Fed unions commemorate Richard Trumka


Federal employee unions and people across organized labor met the news of the death of longtime American Federation of Labor-Congress of Industrial Organizations (AFL-CIO) President Richard Trumka this week with sadness, along with praise for his lifetime of service to working people and their needs. 

The leadership of the largest federal employee union, the American Federation of Government Employees—an affiliate of the AFL-CIO— posted a powerful eulogy on their website. 

“Through every major fight our union has waged in recent decades, Richard Trumka was standing beside AFGE members, defiantly raising his fist in solidarity,” AFGE said. “During the longest government shutdown in U.S. history, he rallied all of labor to the steps of the White House to stand up for the 800,000 government workers who went weeks without a paycheck. And behind the scenes, he worked tirelessly to help us end a political standoff that was hurting working people.”

“Richard Trumka was a fearless and peerless leader of our movement,” AFGE continued. “He will be greatly missed, but his legacy will live forever in the hearts and minds of working people engaged in the struggle for dignity, fairness, and respect to which he dedicated his life.”

Another top federal employees’ union, the National Federation of Federal Employees (NFFE) issued its own strong remembrance

“Today, the National Federation of Federal Employees (NFFE) joins the labor community in mourning the loss of AFL-CIO President Richard Trumka … ,” the union said in a statement. “Rich Trumka will be long remembered for his fierce devotion to the working people of America.”

“His prowess and dedication to the labor movement will be difficult to replicate,” the union added. “Today, the labor community celebrates the life of one of the strongest labor leaders this country has ever seen. Tomorrow, we will fight in his honor to bring dignity to working families across America.” 

NFFE, in its statement, recalled one of Trumka’s most powerful speeches in his push for maintaining and bettering the lot of federal employees—words reminding feds they are part of a larger whole. It came during the 2019 government shutdown, the longest in federal government history.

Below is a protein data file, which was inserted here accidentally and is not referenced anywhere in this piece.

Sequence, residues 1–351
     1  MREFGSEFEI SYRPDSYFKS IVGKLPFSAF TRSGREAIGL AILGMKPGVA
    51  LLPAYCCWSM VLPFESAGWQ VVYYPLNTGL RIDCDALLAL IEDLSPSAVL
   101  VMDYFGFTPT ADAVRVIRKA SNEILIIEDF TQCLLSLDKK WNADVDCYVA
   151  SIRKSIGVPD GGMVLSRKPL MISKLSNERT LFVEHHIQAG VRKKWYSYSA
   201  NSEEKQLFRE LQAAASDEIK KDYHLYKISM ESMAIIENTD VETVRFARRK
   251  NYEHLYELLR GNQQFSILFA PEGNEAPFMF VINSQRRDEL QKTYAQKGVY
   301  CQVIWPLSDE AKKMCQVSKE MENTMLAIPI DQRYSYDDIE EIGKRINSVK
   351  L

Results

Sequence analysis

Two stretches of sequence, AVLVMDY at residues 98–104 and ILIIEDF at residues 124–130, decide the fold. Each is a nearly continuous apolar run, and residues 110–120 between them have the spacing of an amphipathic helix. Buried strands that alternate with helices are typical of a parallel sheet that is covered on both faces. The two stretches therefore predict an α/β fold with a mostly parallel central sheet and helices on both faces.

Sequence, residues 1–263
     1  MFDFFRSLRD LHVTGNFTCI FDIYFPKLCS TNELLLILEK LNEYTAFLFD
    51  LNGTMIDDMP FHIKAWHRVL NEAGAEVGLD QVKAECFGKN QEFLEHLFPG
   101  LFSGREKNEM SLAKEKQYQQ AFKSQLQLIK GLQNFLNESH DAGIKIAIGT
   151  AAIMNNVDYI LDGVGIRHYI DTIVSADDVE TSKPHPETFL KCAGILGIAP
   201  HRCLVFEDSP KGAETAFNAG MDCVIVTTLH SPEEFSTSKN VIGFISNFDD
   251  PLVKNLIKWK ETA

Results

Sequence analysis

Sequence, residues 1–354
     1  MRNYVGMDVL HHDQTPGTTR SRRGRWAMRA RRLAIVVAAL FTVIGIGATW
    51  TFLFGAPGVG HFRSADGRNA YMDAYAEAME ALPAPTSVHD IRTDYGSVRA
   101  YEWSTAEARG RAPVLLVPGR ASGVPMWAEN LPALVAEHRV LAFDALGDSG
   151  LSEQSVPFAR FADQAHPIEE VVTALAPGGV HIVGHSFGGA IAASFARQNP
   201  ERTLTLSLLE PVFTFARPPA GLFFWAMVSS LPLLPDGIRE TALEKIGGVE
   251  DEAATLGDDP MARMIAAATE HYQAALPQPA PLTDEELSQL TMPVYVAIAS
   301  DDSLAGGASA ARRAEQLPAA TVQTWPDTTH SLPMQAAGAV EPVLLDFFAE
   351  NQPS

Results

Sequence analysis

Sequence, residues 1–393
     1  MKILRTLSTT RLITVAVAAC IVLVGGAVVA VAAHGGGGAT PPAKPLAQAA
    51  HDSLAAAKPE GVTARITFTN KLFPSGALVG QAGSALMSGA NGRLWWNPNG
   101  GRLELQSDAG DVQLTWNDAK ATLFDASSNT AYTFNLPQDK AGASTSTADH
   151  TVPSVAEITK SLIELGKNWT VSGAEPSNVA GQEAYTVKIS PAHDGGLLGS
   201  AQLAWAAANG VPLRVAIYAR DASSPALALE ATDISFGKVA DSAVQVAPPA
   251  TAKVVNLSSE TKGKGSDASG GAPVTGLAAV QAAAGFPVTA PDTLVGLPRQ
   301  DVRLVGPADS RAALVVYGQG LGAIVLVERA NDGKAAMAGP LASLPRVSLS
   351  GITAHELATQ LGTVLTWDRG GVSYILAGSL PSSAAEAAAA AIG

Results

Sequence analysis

“We serve America,” Trumka had said. “We build the roads, bake the bread, and lift the loads. We stand tall. We don’t run and hide. We wake our country up every single day. We tuck her into bed at night. We are the American labor movement, and we will not be denied!”

Trumka indeed had been a friend to federal employees unions—and at a different union event, for AFGE in 2018—he praised feds and their key place in the history of organized labor, and the history of the United States. 

“We’ve fought for every victory,” Trumka had said, exhorting the crowd, which at the time was resisting an executive branch effort to weaken federal collective bargaining rights. “We stopped child labor. We brought you the weekend. We made health care more affordable and accessible. And we made the federal government a place where you can work hard, raise a family and get ahead.” 

Trumka was born to a family of Pennsylvania coal miners, and began his working life as a coal miner and organizer. He became a lawyer and served in the 1970s as counsel and, later, in the 1980s, president of the United Mineworkers of America (UMWA). He continued to serve as a labor leader, the last dozen years as head of the 12 million-plus strong AFL-CIO. He was 72. 

Reader comments

Mon, Aug 9, 2021

Unions DID bring America the middle class. There wasn't much of one before them. People forget. Richard Trumka is an old school part of that. RIP.

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